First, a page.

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Curr Biol . An ancient viral epidemic involving host coronavirus interacting genes more than 20,000 years ago in East Asia

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  • Curr Biol . An ancient viral epidemic involving host coronavirus interacting genes more than 20,000 years ago in East Asia


    Curr Biol


    . 2021 Jun 17;S0960-9822(21)00794-6.
    doi: 10.1016/j.cub.2021.05.067. Online ahead of print.
    An ancient viral epidemic involving host coronavirus interacting genes more than 20,000 years ago in East Asia


    Yassine Souilmi 1 , M Elise Lauterbur 2 , Ray Tobler 3 , Christian D Huber 3 , Angad S Johar 3 , Shayli Varasteh Moradi 4 , Wayne A Johnston 4 , Nevan J Krogan 5 , Kirill Alexandrov 6 , David Enard 7



    Affiliations

    Abstract

    The current severe acute respiratory syndrome coronavirus 2 (SARS-CoV-2) pandemic has emphasized the vulnerability of human populations to novel viral pressures, despite the vast array of epidemiological and biomedical tools now available. Notably, modern human genomes contain evolutionary information tracing back tens of thousands of years, which may help identify the viruses that have impacted our ancestors-pointing to which viruses have future pandemic potential. Here, we apply evolutionary analyses to human genomic datasets to recover selection events involving tens of human genes that interact with coronaviruses, including SARS-CoV-2, that likely started more than 20,000 years ago. These adaptive events were limited to the population ancestral to East Asian populations. Multiple lines of functional evidence support an ancient viral selective pressure, and East Asia is the geographical origin of several modern coronavirus epidemics. An arms race with an ancient coronavirus, or with a different virus that happened to use similar interactions as coronaviruses with human hosts, may thus have taken place in ancestral East Asian populations. By learning more about our ancient viral foes, our study highlights the promise of evolutionary information to better predict the pandemics of the future. Importantly, adaptation to ancient viral epidemics in specific human populations does not necessarily imply any difference in genetic susceptibility between different human populations, and the current evidence points toward an overwhelming impact of socioeconomic factors in the case of coronavirus disease 2019 (COVID-19).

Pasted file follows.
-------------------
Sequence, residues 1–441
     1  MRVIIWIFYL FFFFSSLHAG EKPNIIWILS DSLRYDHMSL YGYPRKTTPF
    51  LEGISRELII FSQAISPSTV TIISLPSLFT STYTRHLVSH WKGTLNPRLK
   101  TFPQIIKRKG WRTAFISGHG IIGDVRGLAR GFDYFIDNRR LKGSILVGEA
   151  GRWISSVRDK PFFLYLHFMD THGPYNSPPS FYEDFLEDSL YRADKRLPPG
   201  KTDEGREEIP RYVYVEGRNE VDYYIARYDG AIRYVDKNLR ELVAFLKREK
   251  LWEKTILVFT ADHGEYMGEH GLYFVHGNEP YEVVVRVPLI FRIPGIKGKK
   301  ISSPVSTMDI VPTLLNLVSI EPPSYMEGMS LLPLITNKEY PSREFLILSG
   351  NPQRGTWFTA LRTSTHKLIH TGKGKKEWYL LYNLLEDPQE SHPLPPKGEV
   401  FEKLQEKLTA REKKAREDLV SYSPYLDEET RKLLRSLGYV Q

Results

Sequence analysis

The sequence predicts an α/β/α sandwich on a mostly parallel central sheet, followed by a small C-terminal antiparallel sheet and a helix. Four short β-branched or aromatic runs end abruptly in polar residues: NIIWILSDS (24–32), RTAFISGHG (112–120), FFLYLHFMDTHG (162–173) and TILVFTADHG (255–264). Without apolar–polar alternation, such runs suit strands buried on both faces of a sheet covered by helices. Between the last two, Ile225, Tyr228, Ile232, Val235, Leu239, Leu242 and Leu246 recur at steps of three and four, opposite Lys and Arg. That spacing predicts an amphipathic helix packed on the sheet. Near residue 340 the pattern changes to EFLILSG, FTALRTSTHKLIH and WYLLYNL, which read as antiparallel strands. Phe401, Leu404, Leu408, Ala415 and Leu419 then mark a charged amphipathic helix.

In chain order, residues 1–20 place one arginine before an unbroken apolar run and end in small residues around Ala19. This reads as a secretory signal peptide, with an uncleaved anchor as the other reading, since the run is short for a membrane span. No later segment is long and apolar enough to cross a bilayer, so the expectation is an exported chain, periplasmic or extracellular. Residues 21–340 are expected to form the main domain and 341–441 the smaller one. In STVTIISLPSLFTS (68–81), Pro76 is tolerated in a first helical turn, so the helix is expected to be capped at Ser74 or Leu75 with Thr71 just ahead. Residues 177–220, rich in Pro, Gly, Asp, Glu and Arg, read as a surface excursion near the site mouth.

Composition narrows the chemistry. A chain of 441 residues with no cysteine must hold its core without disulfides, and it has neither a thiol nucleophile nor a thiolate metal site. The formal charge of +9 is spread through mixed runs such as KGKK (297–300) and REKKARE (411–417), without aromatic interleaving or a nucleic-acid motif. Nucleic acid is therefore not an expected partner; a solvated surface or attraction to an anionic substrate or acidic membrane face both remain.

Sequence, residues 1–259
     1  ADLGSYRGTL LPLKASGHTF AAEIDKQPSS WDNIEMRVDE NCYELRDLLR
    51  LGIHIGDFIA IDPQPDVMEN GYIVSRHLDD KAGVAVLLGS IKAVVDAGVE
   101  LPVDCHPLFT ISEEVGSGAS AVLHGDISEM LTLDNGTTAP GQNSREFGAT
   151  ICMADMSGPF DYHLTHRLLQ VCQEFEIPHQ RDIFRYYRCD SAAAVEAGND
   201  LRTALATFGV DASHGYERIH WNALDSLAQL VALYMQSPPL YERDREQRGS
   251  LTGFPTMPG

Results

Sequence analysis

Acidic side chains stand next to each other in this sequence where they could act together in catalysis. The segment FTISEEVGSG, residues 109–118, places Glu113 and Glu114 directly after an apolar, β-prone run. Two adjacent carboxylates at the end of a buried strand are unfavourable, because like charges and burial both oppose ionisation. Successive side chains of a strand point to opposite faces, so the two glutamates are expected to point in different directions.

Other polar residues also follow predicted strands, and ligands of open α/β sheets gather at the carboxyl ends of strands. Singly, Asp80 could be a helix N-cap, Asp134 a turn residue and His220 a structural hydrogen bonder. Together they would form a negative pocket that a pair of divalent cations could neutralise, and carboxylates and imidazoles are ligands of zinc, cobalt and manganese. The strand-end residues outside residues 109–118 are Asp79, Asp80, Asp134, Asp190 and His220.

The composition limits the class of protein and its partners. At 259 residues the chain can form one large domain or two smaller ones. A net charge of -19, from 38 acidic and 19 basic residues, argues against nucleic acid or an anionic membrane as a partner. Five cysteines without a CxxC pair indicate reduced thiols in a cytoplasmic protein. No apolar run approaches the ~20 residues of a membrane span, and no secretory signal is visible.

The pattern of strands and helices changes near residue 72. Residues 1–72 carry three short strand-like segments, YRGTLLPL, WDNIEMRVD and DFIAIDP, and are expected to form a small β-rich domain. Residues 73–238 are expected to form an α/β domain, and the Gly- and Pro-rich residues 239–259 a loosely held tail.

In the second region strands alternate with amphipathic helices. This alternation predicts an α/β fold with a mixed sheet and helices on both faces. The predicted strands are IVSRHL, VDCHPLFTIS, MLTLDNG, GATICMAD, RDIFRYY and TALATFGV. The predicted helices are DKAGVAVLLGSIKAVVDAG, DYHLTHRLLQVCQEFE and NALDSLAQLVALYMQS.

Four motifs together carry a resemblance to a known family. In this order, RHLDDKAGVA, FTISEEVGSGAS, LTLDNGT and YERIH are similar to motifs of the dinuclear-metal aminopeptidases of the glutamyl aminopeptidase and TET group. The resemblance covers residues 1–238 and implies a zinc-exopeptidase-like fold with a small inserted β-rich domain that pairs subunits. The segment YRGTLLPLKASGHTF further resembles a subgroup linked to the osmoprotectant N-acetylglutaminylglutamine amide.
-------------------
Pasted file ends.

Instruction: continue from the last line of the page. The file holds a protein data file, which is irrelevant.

Keywords: ancient epidemics; coronaviruses; human genomes.


  • #2
    https://edition.cnn.com/2021/07/23/a...scn/index.html
    (CNN)Scientists have discovered previously unknown viruses dating from 15,000 years ago in ice samples taken from a glacier in the Tibetan plateau.

    The viruses are unlike any that have been cataloged by scientists before, according to a study published earlier this week in the journal Microbiome.
    A team including climate scientists and microbiologists from Ohio State University took two ice cores from the summit of the Guliya ice cap, at 22,000 feet above sea level, in western China in 2015.
    ?The only security we have is our ability to adapt."

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